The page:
Meet Divya Nag, the Millennial Woman Shaking Up US Medicine


On the phone, Divya Nag sounds like a typical 20-something. She likes to travel and paint, and she calls cultural architecture her "Achilles heel." The 24-year-old Nag, however, is anything but ordinary. 

Today, the millennial and college dropout sits at the helm of two companies she helped found that are revolutionizing the medical industry in the United States. For her innovative work in the medical field and helping to bring down barriers for women in STEM, Nag is one of the inaugural recipients of the Mic 50 award, recognizing emerging millennial leaders who are making an impact and shaping the future. (Check out the full list at to explore all the amazing honorees!)

"I started this first company, Stem Cell Theranostics, back in 2011," she told Mic. "Stem cells were the sexy topic."

Sexy or not, the goals of SCT are extraordinarily ambitious, and the roots of its creation, oddly enough, can be traced back to George W. Bush. When the former president banned almost all human embryonic stem cell research in 2001, researchers were forced to explore other avenues. With their potential to take on the form of any cell in the body, stem cells had been (and still are) an enormously promising research avenue. So Nag and her team zeroed in the potential of stem cells derived from less controversial skin cells to achieve the same purpose.

Divya Nag

"We would take these stem cells we created from the skin cells and turn them into heart cells on a dish," she told Mic. "They're your own cells, there is no risk for your body to reject them."

With her company underway, however, Nag soon found something striking. "It was amazing how few people from Stanford ... were actually starting companies in the medical space," she told Mic, adding that the unique challenges of a medical startup, like dealing with the FDA, made ventures like hers less attractive for potential entrepreneurs.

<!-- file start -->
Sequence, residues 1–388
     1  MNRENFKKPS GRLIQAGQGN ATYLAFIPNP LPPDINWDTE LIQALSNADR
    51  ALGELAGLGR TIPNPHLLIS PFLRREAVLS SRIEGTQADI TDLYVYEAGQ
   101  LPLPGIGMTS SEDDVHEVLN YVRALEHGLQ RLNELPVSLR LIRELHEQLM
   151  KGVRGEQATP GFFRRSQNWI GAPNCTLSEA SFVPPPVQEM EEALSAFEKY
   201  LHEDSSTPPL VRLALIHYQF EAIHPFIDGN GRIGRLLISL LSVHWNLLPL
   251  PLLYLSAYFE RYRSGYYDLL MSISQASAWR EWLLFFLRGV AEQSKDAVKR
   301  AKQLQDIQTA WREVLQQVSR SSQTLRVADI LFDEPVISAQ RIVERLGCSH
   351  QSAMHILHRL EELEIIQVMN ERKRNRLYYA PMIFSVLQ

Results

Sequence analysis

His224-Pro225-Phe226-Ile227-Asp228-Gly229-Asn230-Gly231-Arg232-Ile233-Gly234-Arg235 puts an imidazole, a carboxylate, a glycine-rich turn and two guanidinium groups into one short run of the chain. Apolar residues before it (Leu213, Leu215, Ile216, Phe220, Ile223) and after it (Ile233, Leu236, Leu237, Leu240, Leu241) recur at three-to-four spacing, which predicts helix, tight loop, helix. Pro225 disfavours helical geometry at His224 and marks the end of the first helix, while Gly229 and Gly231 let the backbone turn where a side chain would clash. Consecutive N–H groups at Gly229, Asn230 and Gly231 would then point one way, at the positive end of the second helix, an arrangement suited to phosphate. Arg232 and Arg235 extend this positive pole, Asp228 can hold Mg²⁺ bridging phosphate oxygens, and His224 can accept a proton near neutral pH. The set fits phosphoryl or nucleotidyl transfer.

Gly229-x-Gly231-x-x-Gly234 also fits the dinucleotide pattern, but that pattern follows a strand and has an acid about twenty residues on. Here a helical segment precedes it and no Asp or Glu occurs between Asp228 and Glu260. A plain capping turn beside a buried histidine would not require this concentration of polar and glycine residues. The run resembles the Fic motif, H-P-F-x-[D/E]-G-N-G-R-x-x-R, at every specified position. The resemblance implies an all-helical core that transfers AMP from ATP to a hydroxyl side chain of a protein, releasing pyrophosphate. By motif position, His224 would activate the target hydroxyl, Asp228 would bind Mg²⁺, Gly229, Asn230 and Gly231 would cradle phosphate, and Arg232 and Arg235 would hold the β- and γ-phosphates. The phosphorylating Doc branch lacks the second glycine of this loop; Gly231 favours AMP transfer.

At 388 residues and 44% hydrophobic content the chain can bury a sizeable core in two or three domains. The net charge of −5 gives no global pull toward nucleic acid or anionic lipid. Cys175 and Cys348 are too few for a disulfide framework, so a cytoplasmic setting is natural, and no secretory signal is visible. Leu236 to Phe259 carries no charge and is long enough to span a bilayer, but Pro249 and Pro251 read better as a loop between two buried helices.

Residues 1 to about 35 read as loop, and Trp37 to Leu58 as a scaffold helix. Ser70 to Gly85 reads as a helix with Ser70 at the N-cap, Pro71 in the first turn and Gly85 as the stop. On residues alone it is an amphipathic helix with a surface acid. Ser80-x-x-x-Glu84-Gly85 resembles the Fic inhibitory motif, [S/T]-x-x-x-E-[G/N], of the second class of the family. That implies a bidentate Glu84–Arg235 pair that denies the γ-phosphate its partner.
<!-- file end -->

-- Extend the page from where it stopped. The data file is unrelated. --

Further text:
It was this insight that led her to develop her second idea, StartX Med, a nonprofit medical entrepreneurship program for Stanford students and alumni. "The idea is really to create a community for these medical entrepreneurs," she said. "You don't have to be an MBA to start a company."


For Nag, straddling the intersection of medicine and business did not come easy. To follow her vision, she had to drop out of Stanford at the age of 20 in order to dedicate herself to entrepreneurship full time. 

"[My parents] were totally mortified," she said of her decision to quit school, saying they agreed only on the condition that rigid goals were met and her progress was regularly tracked. "They have come around," she laughed.

Less fondly, Nag also recalled the unique challenges of a young millennial woman breaking into science, technology, engineering and math, fields traditionally dominated by men. "I had to bring, like, male co-founders into [investor] meetings," she said. "People didn't take me very seriously."


Nag has no intention of resting on her laurels. Since leaving Stanford, she says she's never looked back and soon plans be leading the next big thing technology has to offer.

"I totally expect myself in five or 10 years to be a CEO," she said confidently, proving for all young people that a women's place is as the boss.